In the last couple of years, the BBC has made a whole raft of programmes exploring fresh scientific evidence about animal minds and feelings. These have all been very interesting and generally well-made, but with scripts expressing constant surprise at evidence that animals have feelings, and non-trivial cognitive processes. It is regularly asserted that until recently, 'scientists thought' that humans were the only animals to exhibit this or that trait, although no positive evidence for the assumption is ever mentioned. In trying to keep anthropomorphism at arm's length, even when talking about precisely the ways that other species of animal resemble humans in their mental makeup, they make it clear that they have been guilty of profound pragmamorphism. It is only with the weight of incontrovertible evidence against the position that they are starting to move away from this starting position. We are given to understand that scientists in general have been working from the default assumption that apart from most of our physiology, biochemistry and genome, humans have nothing whatever in common with the rest of the animal kingdom. It is never made clear what the philosophical or scientific basis for this starting point was supposed to be.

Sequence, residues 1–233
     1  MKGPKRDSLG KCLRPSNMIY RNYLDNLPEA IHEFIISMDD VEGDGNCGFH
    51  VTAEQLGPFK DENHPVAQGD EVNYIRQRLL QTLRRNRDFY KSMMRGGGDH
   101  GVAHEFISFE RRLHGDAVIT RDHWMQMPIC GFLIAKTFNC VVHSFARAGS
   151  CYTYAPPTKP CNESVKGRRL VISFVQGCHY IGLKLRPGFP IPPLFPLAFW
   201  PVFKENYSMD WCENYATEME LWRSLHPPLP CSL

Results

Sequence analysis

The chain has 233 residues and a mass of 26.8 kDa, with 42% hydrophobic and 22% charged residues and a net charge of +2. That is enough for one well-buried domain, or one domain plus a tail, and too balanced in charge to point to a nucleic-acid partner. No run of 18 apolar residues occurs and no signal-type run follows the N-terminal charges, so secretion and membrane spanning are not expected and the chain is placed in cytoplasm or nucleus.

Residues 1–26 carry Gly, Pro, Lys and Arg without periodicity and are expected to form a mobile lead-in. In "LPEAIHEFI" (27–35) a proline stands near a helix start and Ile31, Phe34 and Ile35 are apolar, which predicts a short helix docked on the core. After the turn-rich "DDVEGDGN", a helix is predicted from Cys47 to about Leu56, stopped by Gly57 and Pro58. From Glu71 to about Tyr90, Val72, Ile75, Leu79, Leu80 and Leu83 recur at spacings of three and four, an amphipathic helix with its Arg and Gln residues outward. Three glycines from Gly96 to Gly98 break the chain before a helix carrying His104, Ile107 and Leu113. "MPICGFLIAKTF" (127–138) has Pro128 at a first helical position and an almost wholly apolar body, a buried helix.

People do, of course, sometimes interpret other species - not to mention natural phenomena and deities - with more human characteristics than the evidence warrants. Once we get the idea that other people are actually quite like us, which most humans manage quite early on in life, we're faced with the deceptively thorny problem of what counts as a person. We attribute agency to the weather, or we deny the validity of the experiences of people who don't look like us. It's clearly not an easy balance to get right, and it's easy to see why people have been leery of the tendency to treat things as being too human, but that doesn't make it rational to jump all the way to the other extreme.
In fact, it is the opposite tendency that leads us to the dehumanization of people who don't fit in with what we are used to, especially when it suits us to dismiss their needs - a cause of untold strife throughout history and all around the world. A pragmamorphic attitude to other animals fits in with the same pattern. When we share brain structures, hormones and evolutionary history with other animals, on the face of it there is a pretty strong case for expecting some resemblance between our mental processes, too. If someone suggests that other animals, particularly our closer relatives, lack sentience after all, they are making quite a strong claim. Perhaps they have good scientific or philosophical reasons for that position, but if not, it would certainly not be the first time that convenience and force of habit have trumped rationality.